Although Murdock didn’t go to musicproduction school, he teaches audio engineering at the LA Music Academy and believes it’s the right path for those who need structure to succeed. “I feel like I’m giving the kids I teach something really useful,” he says. “One of the biggest skills is to learn how to say something negative in a positive light. Learn how to criticize without ridicule because if you’re going to produce somebody, the first thing you’re going to concentrate on are the things that you think need to change. And it’s really easy—I’ve been guilty of this myself—to pull somebody out of their comfort zone and put them in a place where they can’t deliver anything to you.”
Murdock believes that producers will get better performances out of artists if they feel comfortable and ready to take risks. “I made an amazing record with a band called the Riverboat Gamblers, and when they came to me, they were sure they were a punk band,” he says. “They wanted everything to be, ‘Punk! Punk rock! Punk! Punk Rock!’ I just helped them realize that what a band is in reality and what a band thinks they are almost never agree with each other.”
Alia Fahlborg Clearing Hurdles In the ’90s, Taylor worked with Martin Virgo from the London-based band Mono, who offered some career advice. “He said to me, ‘The first stage [of your career] is that no one gives a sh*t who you are or what you’re doing,” Taylor says. “The next stage is when people notice, but that basically means you have to be taken advantage of for a few years until you’re at the point when you can start to put your foot down.’”
Now that Taylor is calling more shots, the challenge is balancing work with his personal life. “My life is the studio, but I’ve got a beautiful young family, and it’s a constant struggle just to try to be a good dad and husband and also love making records. I think if you’re happy to lock yourself into a studio for the rest of your life, then you’re going to love it, and if you don’t, you’ll know pretty soon and you should probably go do something else.” [Laughs.]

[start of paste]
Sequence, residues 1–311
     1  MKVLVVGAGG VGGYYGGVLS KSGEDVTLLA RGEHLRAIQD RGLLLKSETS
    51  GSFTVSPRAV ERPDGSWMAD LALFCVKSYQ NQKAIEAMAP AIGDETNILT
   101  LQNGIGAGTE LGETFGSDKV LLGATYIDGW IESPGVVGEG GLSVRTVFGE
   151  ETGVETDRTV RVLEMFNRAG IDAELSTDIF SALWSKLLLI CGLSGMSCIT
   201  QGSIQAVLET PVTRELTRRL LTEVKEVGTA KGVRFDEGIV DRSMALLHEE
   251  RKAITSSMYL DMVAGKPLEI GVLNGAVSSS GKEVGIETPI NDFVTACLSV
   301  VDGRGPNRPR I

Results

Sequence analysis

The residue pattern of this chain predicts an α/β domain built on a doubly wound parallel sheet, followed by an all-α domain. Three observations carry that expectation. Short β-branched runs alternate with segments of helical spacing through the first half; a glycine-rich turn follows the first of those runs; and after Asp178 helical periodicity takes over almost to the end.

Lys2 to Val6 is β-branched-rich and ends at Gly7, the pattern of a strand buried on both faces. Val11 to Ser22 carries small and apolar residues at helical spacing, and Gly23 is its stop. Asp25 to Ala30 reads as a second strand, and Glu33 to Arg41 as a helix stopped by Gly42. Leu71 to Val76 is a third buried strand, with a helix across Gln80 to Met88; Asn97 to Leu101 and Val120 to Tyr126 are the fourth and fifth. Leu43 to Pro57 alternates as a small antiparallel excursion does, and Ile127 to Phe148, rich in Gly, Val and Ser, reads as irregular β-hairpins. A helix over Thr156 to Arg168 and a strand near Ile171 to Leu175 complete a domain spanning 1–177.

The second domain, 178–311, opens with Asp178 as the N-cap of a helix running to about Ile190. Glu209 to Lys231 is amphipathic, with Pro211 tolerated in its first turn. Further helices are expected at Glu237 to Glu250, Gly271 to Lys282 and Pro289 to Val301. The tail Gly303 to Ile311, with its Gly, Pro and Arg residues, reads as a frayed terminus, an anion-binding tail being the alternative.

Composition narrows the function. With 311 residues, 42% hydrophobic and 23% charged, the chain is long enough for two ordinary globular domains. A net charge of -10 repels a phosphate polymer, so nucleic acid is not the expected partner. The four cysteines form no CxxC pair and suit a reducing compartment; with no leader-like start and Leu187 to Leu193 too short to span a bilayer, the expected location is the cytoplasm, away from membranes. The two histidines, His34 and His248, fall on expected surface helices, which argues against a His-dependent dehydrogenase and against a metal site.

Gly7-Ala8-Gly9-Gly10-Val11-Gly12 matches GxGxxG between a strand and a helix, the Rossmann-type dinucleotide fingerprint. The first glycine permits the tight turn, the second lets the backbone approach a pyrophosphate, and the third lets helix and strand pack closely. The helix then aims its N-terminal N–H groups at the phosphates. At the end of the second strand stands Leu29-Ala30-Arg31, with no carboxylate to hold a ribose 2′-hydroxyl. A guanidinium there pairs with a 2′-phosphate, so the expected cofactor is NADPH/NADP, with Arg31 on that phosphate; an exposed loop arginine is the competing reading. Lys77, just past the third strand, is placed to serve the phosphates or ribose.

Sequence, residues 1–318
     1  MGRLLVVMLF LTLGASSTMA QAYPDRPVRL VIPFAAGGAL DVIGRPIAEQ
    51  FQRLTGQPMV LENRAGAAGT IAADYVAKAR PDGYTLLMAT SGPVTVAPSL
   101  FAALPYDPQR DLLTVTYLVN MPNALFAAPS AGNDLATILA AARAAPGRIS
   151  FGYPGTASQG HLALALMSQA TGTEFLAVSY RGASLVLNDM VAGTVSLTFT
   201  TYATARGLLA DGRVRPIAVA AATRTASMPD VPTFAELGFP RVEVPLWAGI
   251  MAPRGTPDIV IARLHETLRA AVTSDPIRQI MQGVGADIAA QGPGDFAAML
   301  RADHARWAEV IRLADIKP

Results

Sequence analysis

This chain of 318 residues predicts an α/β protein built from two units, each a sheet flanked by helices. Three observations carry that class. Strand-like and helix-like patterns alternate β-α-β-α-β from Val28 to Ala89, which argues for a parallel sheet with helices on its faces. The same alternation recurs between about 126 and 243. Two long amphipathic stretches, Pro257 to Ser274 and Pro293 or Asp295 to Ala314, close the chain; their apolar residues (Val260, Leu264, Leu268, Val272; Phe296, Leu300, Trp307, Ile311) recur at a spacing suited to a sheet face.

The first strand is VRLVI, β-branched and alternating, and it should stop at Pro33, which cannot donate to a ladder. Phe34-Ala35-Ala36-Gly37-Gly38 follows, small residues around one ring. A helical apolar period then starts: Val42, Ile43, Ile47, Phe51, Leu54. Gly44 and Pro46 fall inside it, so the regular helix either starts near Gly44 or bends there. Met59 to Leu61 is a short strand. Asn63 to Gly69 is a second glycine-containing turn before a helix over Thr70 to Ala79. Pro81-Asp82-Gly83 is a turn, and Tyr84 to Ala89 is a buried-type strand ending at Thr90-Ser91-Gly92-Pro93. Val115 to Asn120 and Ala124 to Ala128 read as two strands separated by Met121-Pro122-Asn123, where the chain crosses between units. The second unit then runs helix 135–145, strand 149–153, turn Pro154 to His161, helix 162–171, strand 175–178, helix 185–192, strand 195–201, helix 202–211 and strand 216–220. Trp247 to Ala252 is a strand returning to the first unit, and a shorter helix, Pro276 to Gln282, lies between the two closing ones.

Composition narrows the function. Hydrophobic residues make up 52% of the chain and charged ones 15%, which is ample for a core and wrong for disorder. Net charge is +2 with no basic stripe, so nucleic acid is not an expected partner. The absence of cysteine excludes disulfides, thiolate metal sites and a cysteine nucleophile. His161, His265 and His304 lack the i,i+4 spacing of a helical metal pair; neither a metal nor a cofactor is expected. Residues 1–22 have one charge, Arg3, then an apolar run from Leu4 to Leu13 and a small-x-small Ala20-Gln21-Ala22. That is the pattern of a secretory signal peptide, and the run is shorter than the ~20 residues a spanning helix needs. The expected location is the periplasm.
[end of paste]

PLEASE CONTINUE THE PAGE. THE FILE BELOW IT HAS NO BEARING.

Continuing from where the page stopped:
Of all the many jobs Taylor’s done in studio— from tuning vocals to tending to multitracks—it’s always been labor of love. “All I can really say is just absolutely follow your bliss and what’s most exciting to you,” he says. “In my own case, it’s been quite a long process to get here, but I’ve not been afraid to immerse myself in whatever the situation was at the time. But it keeps you busy and you meet people, and all those skills come in handy.”
But while being busy is good, Murdock suggests listening to your gut before agreeing to take on a new project. “The biggest black eyes in my career have been projects that felt wrong from the beginning but I said yes to anyway,” he laments. “Anybody in their early career is going to have embarrassing projects that they did because they needed money because everybody needs the work. But at a certain point, it’s a delicate dance between accepting projects for the money and becoming Christopher Walken who appears in bad movies but who is actually a really good actor. My first barometer on whether I’m going to accept a project is, number one, do I like the music? And number two is, are these people douchebags?”
Once you move forward on a project, Murdock insists that trust is key. “I discovered that if the band doesn’t trust you, nothing is going to happen,” he says. “There needs to be some kind of give and take that establishes a trust. Otherwise, the entire project is going to feel like an awkward first date. Two things need to happen at the beginning: I need to present an idea that the band isn’t sure of at first but likes later. And I also think I need an idea that I push hard for and then abandon because I realize that it’s not working.”
As for Supa, one of the biggest pitfalls to producing is forgetting about your finances. “When you finally make it, pay your taxes!” he says. “Save your money because this is not a 9-to-5 job where you get paid every two weeks. Sometimes you only get paid twice a year, and the work you do this year dictates how much you get paid next year. So if you did a lot of stuff last year, got paid this year, but didn’t do no work… guess what? Next year, you’re going to be broke again.”
But there are a few attributes a producer needs before the government will care about a share of their earnings. “What’s most important is determination and drive,” Supa says. “Make sure you have the right attitude and remain humble. And always try to improve. Don’t ever feel like you have arrived or that you are the ‘ish.’ Because the way I look at it, from the day you are born until the day you die, you are constantly learning.”
Kylee Swenson Gordon is a writer, editor, and musician based in Oakland, CA. In addition to making music with her indie-pop band Loquat, she’s a frequent collaborator Sandy Vee with EDM producers.